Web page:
The study shows that diabetes is an independent risk factor for the development of heart failure in the community dwelling population. Pixabay

Heart problems are a common development for people with diabetes and now researchers have found that diabetes is an independent risk factor for the development of heart failure in the community dwelling population.

According to health expert in India, if poorly controlled, diabetes leads to cardiomyopathy resulting in progressive deterioration of pumping capacity of heart.

“Diabetes is also a major risk factor for atherosclerosis and this eventually leads to blockage of coronary arteries. This leads to heart attack or myocardial infarction,” Satish Koul, HOD and Director Internal Medicine, Narayana Superspeciality Hospital, Gurugram, told IANS. “Due to myocardial infarction, the heart muscle becomes weak and eventually heart fails as a pump leading to congestive heart failure,” Koul added.

According to the current study, published in the journal Mayo Clinic Proceedings, researchers evaluated the long-term impact of diabetes on the development of heart failure, both with preserved ejection fraction – a measurement of the percentage of blood leaving the heart with each contraction – and reduced ejection fraction. They also looked at mortality in a community population, controlling for hypertension, coronary artery disease and diastolic function.

From an initial group of 2,042 residents of Olmsted County in US, 116 study participants with diabetes were matched 1:2 for age, hypertension, sex, coronary artery disease and diastolic dysfunction to 232 participants without diabetes.

Over the 10-year follow-up period, 21 per cent of participants with diabetes developed heart failure, independent of other causes.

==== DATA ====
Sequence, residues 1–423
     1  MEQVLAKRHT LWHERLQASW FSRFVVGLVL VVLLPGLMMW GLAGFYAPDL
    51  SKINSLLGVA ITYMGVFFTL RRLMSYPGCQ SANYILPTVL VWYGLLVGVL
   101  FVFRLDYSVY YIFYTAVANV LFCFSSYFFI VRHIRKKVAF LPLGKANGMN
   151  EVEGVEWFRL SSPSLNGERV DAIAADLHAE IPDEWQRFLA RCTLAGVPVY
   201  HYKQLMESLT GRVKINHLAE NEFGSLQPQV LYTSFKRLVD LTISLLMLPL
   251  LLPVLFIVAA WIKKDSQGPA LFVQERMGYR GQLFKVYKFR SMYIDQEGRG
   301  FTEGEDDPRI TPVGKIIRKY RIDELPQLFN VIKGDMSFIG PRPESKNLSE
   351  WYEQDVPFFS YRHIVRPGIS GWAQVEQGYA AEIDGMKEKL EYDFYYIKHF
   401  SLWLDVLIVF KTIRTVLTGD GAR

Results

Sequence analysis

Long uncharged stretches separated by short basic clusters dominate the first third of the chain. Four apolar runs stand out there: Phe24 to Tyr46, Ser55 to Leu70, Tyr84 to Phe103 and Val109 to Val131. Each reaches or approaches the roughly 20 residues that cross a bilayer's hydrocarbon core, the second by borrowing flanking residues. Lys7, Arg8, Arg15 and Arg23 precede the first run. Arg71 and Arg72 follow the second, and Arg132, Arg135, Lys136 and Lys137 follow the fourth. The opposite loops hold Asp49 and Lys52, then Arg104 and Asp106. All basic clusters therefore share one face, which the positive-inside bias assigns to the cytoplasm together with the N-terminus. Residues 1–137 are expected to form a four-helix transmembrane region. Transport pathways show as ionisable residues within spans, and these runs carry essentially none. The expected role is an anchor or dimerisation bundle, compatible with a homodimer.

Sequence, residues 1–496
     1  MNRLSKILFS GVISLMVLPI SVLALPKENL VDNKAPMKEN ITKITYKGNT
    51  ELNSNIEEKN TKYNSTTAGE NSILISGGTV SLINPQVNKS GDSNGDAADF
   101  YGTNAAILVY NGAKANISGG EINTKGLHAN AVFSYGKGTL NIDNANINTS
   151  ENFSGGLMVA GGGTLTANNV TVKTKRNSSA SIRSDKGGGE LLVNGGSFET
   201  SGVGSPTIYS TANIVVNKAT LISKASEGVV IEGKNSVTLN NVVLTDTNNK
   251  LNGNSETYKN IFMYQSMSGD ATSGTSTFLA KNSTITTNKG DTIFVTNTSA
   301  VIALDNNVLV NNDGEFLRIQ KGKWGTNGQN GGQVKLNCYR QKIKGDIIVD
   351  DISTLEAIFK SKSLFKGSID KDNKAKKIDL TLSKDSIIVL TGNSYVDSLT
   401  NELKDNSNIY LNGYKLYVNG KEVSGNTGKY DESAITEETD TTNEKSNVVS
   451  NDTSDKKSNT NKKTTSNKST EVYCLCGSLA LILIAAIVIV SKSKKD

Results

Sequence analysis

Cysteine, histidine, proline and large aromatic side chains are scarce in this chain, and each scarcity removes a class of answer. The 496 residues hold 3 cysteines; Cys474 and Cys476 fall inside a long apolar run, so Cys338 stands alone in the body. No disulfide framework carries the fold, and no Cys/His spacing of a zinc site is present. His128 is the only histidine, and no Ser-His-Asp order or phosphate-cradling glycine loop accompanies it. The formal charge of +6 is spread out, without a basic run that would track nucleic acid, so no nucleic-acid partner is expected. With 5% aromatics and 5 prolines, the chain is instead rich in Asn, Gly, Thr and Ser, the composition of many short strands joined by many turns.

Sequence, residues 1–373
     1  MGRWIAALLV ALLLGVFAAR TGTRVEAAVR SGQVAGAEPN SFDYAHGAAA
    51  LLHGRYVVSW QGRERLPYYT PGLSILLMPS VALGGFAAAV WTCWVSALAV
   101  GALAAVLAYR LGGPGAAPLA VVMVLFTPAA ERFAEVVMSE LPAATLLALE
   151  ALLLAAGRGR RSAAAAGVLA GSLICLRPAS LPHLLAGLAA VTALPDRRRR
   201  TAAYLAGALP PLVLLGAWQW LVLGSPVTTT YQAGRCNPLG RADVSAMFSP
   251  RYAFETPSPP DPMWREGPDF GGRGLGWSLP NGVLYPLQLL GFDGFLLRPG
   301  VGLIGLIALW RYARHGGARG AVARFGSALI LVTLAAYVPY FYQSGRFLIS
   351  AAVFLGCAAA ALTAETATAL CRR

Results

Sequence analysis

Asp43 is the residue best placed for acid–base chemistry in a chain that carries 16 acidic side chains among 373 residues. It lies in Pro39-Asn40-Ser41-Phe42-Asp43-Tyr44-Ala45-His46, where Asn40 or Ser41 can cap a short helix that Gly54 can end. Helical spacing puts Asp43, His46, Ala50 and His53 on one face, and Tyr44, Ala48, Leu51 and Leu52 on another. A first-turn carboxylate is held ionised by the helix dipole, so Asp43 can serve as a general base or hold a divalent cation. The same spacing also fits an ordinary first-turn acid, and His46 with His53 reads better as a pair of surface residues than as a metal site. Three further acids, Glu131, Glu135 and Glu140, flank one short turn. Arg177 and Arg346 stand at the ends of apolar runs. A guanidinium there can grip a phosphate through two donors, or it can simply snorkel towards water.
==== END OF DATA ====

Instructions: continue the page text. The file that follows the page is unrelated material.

Diabetes
Heart problems are a common development for people with diabetes and now researchers have found that diabetes is an independent risk factor for the development of heart failure in the community dwelling population. Pixabay

In comparison, only 12 per cent of patients without diabetes developed heart failure. Cardiac death, heart attack and stroke were not statistically different in the study between the two groups.

The study shows that diabetes is an independent risk factor for the development of heart failure in the community dwelling population. Furthermore, the outcome data support the concept of a diabetic cardiomyopathy.

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This research extends previous findings and demonstrates that even without a known cardiac structural abnormality and with a normal ejection fraction, diabetic patients are still at increased risk of developing heart failure as compared to their nondiabetic counterparts. (IANS)